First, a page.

FOR IMMEDIATE RELEASE
February 23, 2023
Valentina Stackl, firstname.lastname@example.org
Lorne Stockman, email@example.com
OCI Statement on the Fossil Fuel Dimensions of Russia’s Invasion of Ukraine
WASHINGTON, DC — In response to the one-year anniversary of Russia’s invasion of Ukraine, Lorne Stockman, Research Co-Director at Oil Change International, released the following statement:
“Russia’s invasion of Ukraine one year ago is a wake-up call to stop dependence on unstable and war-driven fossil fuels, and instead transition to reliable renewable energy. Oil companies are both fueling and profiting from this crisis, while the rest of the world has suffered dire consequences.”
“Beyond the human cost of war in Ukraine and Russia, including displacement and death, the invasion also wreaked havoc across the world and exposed the failures and vulnerabilities of the fossil fuel supply chain. Not only did the war spike gas prices globally, but the opportunistic fossil fuel industry also took advantage of the Russian invasion to justify subsidies and contracts that commit the United States to keep exporting methane gas for decades. Europe bought record amounts of LNG and pushed gas prices to historic levels. And across Africa and the global south the war has led to a push for more oil and gas development that would harm communities and further drive climate change.”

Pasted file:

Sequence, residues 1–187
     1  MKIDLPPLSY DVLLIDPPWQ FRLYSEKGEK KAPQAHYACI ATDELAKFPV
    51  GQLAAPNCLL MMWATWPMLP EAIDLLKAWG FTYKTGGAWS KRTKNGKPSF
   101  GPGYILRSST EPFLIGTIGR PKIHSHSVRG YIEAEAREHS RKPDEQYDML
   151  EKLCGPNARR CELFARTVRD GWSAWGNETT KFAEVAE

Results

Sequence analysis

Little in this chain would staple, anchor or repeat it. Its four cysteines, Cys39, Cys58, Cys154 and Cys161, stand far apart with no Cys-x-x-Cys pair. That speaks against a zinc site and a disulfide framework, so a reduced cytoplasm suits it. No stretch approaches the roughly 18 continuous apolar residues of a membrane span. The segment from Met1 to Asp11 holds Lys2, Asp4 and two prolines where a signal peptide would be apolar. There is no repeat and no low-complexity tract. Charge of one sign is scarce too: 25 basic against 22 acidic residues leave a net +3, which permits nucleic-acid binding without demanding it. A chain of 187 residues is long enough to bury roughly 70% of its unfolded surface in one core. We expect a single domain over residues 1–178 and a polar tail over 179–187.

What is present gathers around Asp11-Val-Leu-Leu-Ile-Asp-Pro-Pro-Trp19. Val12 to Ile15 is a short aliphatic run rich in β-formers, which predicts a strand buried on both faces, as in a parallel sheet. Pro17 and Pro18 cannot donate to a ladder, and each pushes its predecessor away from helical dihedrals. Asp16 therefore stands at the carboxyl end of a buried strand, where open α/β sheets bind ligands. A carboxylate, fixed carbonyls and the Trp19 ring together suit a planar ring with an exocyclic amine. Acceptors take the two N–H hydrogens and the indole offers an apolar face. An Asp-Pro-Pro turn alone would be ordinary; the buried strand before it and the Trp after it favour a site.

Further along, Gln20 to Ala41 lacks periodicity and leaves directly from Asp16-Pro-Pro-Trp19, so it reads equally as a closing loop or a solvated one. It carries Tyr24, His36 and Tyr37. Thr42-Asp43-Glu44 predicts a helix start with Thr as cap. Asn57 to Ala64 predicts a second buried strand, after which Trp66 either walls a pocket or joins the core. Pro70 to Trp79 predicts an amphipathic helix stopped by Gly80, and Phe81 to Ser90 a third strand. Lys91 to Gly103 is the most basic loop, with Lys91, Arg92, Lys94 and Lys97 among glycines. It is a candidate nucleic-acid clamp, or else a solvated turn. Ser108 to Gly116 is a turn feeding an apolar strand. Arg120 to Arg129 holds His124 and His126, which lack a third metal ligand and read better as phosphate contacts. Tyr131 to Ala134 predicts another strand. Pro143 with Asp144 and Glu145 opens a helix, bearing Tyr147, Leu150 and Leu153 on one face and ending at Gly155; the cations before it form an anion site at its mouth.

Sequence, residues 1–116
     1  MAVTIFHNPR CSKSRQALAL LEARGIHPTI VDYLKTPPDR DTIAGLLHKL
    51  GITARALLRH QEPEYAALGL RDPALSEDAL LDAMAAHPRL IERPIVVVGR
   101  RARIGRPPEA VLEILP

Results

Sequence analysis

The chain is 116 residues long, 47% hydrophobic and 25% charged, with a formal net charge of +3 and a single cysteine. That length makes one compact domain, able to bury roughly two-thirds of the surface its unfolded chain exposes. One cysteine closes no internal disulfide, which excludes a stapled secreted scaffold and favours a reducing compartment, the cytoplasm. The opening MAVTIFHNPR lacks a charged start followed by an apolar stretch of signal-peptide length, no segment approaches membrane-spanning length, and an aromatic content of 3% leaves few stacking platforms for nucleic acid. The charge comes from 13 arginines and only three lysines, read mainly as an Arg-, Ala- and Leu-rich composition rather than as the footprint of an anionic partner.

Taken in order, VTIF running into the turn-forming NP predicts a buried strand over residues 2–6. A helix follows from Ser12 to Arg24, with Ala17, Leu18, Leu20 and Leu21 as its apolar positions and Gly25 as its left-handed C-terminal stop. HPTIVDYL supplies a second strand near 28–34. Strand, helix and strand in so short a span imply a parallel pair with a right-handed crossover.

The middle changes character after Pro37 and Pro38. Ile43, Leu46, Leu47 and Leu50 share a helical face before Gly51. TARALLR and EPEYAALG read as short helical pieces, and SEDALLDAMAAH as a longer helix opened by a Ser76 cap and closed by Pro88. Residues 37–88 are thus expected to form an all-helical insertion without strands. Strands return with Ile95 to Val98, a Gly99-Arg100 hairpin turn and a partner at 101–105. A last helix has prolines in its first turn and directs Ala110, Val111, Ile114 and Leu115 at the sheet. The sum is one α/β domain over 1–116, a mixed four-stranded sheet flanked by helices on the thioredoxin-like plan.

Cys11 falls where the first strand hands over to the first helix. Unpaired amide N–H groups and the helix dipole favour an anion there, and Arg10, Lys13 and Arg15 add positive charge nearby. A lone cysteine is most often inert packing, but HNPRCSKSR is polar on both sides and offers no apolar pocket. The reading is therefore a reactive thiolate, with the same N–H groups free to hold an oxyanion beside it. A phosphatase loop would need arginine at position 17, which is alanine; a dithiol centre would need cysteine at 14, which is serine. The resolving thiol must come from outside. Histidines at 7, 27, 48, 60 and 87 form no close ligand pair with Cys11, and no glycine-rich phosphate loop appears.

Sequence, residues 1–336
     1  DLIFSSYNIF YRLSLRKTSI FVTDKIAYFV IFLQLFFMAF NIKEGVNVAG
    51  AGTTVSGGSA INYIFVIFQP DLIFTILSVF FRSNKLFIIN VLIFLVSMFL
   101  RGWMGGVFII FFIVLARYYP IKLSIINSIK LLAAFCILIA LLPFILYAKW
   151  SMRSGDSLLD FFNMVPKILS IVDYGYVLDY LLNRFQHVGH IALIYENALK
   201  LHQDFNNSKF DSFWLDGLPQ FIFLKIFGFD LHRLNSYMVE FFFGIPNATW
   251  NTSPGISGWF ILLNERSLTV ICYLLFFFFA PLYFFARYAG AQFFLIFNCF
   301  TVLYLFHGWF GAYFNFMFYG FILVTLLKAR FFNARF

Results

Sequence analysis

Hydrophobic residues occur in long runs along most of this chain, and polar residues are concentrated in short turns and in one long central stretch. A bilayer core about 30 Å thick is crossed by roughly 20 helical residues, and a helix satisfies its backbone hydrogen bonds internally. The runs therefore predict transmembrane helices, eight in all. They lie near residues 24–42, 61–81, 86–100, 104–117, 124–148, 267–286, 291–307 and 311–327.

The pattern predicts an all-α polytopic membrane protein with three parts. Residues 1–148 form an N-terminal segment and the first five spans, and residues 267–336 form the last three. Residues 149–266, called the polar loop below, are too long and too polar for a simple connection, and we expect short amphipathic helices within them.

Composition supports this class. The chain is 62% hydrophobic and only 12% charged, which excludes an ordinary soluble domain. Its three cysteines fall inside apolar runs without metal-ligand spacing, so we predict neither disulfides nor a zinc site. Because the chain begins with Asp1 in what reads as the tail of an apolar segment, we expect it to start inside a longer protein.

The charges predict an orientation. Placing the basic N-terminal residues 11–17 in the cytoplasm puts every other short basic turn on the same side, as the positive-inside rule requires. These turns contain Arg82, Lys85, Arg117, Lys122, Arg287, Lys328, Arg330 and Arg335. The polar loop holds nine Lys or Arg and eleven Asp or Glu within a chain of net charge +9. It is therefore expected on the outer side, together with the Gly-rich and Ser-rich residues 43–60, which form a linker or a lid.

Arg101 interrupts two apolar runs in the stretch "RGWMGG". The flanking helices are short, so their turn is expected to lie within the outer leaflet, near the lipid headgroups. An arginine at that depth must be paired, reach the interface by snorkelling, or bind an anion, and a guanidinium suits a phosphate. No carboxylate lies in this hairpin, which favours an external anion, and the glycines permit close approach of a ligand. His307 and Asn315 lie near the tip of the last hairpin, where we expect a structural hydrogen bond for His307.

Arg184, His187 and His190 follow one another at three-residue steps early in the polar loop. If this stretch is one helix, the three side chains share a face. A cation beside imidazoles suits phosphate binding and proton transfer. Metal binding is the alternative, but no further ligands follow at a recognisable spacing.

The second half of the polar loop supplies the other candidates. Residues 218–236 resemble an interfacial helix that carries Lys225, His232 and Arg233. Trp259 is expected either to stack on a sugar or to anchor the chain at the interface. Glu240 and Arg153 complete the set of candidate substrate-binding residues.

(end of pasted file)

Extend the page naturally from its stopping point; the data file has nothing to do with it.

“This energy crisis continues to exacerbate existing inequalities, contributing to a higher cost-of-living that has left many unable to access food, energy, and other basic needs. Meanwhile, big oil and gas companies have gained vast windfall profits, which they have largely used to enrich shareholders, and double down on oil and gas production, rather than invest in solutions to help people and combat the climate crisis. The world needs a managed phase-out of fossil fuels and a just transition towards renewable energy before it’s too late.”
Notes to the Editor:
- The invasion was fundamentally a fossil-fueled invasion. Revenues from oil and gas projects backed by European and U.S. companies have financed Vladimir Putin’s regime to the tune of nearly USD 100 billion since 2014. Read the OCI briefing here.
- U.S. oil and gas companies are set to make tens of billions more from wartime oil prices in 2022. Read the OCI briefing here.
- Companies are set to make £11.6 billion windfall on UK oil and gas in 2022. The UK government is missing this opportunity to fund an energy transition. Read the joint briefing here.